NVDA trades on 33x sales, which is huge. You often see that sort of valuation in promising and excitable small caps, and fair enough. FeverTree, who make mixers, managed to reach 20x sales without any tech. But when it comes to trillion-dollar companies, it is very rare to see that kind of excitement.

I show the enterprise value (EV), market cap plus net debt, alongside the company’s revenues. The EV to sales ratio is shown beneath, which is 33x.

NVIDIA Trades on 33 Times Sales

Source: Bloomberg

Let’s be clear: 33x profit is a high valuation, which means 33x sales is monstrous. The rationale is that their net income margins, which were 12% a decade ago, are today 22% and heading for 55% in 2025. In that year, they are expected to generate $47 billion of free cash flow. To justify a $1.5 trillion valuation, they will need to.

NVDA makes these incredibly powerful chips that are the bottleneck in AI. Without their chips, forget it, which means they have a monopoly. So far as I understand it, the big tech firms are fighting over one another to secure supply at sky-high prices.

Remember the surging energy prices during the pandemic? They have collapsed by 88%, and no one is talking about it. It had nothing to do with the government policy or intervention, just market forces, which have returned to normal. Still, cheaper energy is a good reason for the economy to be doing better than expected.

UK Energy Prices Back to Normal

Source: Bloomberg

NVDA’s technological lead is estimated to be three years, but it’s certainly not forever because it never is. If there’s one thing super-normal profits are sure to do, it is to attract competition.

They say history doesn’t repeat itself, but it rhymes. Going back to 2000, Cisco (CSCO) was the gateway to the internet. Just as you need NVDA for AI today, back then, you needed CSCO’s routers to command the internet. In late 1999, CSCO was the world’s fourth most valuable company. Today NVDA is the fifth, while CSCO shares are still 33% below their peak.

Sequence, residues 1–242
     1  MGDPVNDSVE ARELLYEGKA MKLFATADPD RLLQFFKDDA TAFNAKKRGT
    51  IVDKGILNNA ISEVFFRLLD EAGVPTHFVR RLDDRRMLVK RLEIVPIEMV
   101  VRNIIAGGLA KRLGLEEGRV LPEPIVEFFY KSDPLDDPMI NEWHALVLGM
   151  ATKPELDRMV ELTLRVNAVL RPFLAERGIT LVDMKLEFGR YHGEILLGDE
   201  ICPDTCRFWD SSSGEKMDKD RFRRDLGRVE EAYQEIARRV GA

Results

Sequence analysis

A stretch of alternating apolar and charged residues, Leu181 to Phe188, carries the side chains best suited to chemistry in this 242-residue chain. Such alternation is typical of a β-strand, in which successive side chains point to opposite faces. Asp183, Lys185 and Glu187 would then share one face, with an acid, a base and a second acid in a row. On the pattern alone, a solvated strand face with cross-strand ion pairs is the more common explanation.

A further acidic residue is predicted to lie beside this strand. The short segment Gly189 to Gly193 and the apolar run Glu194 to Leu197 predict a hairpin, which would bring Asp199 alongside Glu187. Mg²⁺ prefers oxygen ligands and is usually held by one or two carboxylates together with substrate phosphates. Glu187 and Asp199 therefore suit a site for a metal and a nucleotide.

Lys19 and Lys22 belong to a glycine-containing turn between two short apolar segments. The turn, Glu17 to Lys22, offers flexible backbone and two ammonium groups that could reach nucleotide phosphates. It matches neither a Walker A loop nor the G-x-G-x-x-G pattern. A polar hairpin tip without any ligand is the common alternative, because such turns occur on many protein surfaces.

Source: ByteTree, Internet

It is remarkable how much this list shifts. Tech dominated the list in the late 1990s but was barely noticeable ten years later. But it’s back and bigger and bolder than ever before. The current list resembles the end of the 2010s, just with Chinese tech out and NVDA and Eli Lilly in.

Cisco Managed 35x Sales, Then 3x

Source: Bloomberg

I know it’s tough when the stock market makes an all-time high and we aren’t feeling it, but what’s currently happening in big tech is utter madness. I saw this on

As of January 19th, NVIDIA and Microsoft had accounted for about 75% of the S&P 500's gain this year, while the 20 largest stocks in the index accounted for 110% of the index's upside move.  The remaining ~480 stocks were acting as a drag.

We’ve been here before two decades ago and know how it ends. We just need to be patient. When it does, all that money will shift from growth to value, just as it did last time in 2000. And the time before in 1972.